Research requires time, energy, focus and discipline. For undergraduates, the process of discovery can seem even more rigorous as they encounter new learning environments and different methods of academic exploration.
Still, the rewards associated with undergraduate research far outweigh any challenges.
More than 250 University of Houston students can attest to this. These Cougars will share their experiences as researchers during UH’s 18th annual Undergraduate Research Day on April 13.
The event is among the University’s most anticipated rites of spring with hundreds of students sharing their discoveries and showcasing posters throughout the day in the M.D. Anderson Library.
“Undergraduate Research Day celebrates the work of undergraduate researchers who have completed faculty-mentored research in the last year,” said Rikki Bettinger, director of UH’s Office of Undergraduate Research and Major Awards. “On the day of the event, visitors can expect to see a sea of students wearing Cougar red, standing by their displayed research posters, excited and engaged in conversation with visitors about their research.”
Caitlyn Foret will be among those students in red on Undergraduate Research Day. She will present her project “Corporate Social Responsibility and the Magic of Meaning Theory in Major Corporations LGTBQ+ Pride Advertisements.”
Foret’s project offers a case study exploring corporate LGBTQ+ pride advertisements that ran between 2009 and 2022. Her research (overseen by associate professor of communication Lindita Camaj) analyzes corporate social responsibility and the magic of meaning theory (or how ads influence consumers’ personal values and other beliefs).
Foret, a senior strategic communication major in the Jack J. Valenti School of Communication, eagerly anticipates presenting this project and celebrating her peers' academic achievements.
“Undergraduate Research Day allows students to showcase their hard work and find a sense of community amongst other researchers,” Foret said. “Conducting research can sometimes feel isolating, and being able to share your findings with others and learn about different projects can help students feel more supported.”
“Learning how to distill their in-depth research into a poster format that invites the passerby into conversation can be a challenge. Students gain presentation experience and confidence through the process of sharing their research.”
Rikki Bettinger, Director of UH’s Office of Undergraduate Research and Major Awards.
Joining Foret on Undergraduate Research Day is Ritu Sampige, who will share her findings from her yearlong Senior Honors Thesis Project.
“My project is centered on exploring parental perceptions of infant vulnerability, which refer to parents’ beliefs about their infants’ likelihood of experiencing future medical illnesses,” she said. “During Undergraduate Research Day, I will present my longitudinal exploration of factors that contribute to a gap, or misalignment, between parental perceptions of infant vulnerability and infants’ objective vulnerability status.”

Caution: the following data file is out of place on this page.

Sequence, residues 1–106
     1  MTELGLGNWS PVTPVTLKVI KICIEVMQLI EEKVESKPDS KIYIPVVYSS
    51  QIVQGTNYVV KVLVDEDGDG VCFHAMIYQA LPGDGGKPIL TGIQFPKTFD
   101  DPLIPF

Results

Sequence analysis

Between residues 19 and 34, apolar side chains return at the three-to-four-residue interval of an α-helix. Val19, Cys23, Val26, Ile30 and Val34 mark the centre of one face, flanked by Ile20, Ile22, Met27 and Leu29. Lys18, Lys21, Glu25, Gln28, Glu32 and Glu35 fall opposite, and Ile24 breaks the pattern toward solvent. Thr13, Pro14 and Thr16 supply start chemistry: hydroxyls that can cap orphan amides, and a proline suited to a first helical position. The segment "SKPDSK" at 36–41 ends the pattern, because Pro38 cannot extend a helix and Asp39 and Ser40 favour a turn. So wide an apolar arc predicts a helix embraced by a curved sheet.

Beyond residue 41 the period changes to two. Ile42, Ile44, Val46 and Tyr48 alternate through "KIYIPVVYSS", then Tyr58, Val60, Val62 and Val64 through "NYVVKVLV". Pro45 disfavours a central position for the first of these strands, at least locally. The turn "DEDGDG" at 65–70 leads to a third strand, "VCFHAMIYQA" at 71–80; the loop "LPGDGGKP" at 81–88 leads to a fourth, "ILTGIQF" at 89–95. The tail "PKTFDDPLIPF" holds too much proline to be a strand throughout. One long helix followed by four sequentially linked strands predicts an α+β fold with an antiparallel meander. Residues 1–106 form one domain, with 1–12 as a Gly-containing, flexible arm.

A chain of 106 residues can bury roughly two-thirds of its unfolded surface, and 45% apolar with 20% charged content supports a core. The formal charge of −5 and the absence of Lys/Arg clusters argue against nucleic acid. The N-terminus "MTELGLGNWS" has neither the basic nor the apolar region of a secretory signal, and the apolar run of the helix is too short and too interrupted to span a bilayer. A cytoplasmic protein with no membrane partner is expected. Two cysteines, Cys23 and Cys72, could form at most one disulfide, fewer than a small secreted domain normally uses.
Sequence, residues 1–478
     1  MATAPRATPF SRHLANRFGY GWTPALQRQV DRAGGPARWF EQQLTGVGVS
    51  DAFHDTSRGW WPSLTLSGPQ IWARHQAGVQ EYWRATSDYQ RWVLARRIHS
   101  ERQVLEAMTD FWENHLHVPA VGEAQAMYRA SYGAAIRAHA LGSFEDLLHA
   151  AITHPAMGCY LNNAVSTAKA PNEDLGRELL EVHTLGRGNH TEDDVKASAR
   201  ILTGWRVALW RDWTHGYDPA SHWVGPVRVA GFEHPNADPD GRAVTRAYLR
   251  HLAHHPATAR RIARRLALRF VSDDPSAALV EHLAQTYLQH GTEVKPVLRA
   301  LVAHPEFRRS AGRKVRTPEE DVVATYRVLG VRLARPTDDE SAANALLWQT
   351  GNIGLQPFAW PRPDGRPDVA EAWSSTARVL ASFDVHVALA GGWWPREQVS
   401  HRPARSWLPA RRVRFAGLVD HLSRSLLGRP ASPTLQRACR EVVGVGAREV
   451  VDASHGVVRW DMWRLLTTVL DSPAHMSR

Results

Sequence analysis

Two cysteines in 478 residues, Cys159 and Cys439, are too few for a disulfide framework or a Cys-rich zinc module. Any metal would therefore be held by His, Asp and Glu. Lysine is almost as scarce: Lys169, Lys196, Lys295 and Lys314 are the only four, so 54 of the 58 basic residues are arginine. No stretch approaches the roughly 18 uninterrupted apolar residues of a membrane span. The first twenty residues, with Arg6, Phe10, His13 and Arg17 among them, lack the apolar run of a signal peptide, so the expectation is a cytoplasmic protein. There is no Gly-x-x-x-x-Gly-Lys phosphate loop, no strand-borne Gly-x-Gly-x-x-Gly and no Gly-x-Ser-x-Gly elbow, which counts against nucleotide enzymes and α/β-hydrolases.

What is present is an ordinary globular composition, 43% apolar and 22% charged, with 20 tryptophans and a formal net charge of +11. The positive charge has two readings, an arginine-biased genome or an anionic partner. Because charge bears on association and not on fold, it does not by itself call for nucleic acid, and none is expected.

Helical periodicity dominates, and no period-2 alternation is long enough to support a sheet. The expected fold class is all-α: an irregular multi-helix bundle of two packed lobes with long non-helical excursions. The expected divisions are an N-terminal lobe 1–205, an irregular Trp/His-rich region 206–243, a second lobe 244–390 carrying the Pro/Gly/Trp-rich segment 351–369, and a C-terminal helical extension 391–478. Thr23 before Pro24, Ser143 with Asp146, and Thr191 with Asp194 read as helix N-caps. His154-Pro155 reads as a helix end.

Sampige, a senior biomedical sciences major, has participated in previous Undergraduate Research Day events and looks forward to yet another opportunity to present her work. She also appreciates learning from mentors such as Leslie Frankel, associate professor in the College of Education’s department of psychological, health and learning sciences.
“Dr. Frankel has been an inspiring mentor to me throughout my journey in undergraduate research,” Sampige said. “Any time I ran into a challenge or roadblock in my Senior Honors Thesis research project, Dr. Frankel always motivated me to think outside of the box and to see the challenge as an opportunity to further enhance my project.”
Academic leaders have long lauded the importance of undergraduate research for students. Many agree that it helps clarify their career paths and supports the development of key skills to be applied in graduate school or in professional settings.
Bettinger concurs and adds that one of the most important skills developed during the research process is communication and more importantly, confidence.
“I always tell students that their posters should be an invitation into conversation about their research,” she said. “Learning how to distill their in-depth research into a poster format that invites the passerby into conversation can be a challenge. Students gain presentation experience and confidence through the process of sharing their research.”
Undergraduate Research Day is presented annually by UH’s Office of Undergraduate Research and Major Awards (OURMA), the Office of the Provost, the Division of Research, UH Libraries and the Honors College. Many of the participants are supported through awards such as the Summer Undergraduate Research Fellowship, the Provost’s Undergraduate Research Scholarship and the Mellon Research Scholars Program. During the past academic year, OURMA awarded over $590,000 in student scholarships.
“These scholarships would not be possible without the generous support of the Office of the Provost, the Division of Research, and the Andrew W. Mellon Foundation,” Bettinger said.
Undergraduate Research Day will include 256 presenters, a 35% increase from last year’s event. Students represent 15 colleges, one school and a range of departments, centers and programs from throughout the University.
“Seeing the sheer volume of students presenting posters in our library will be inspiring on many levels,” said Diane Z. Chase, UH senior vice president for academic affairs and provost. “This event truly speaks to the commitment of both our students and their faculty mentors. It is a great example of what students learn from their faculty mentors in a research university and is one great example of how UH supports student success.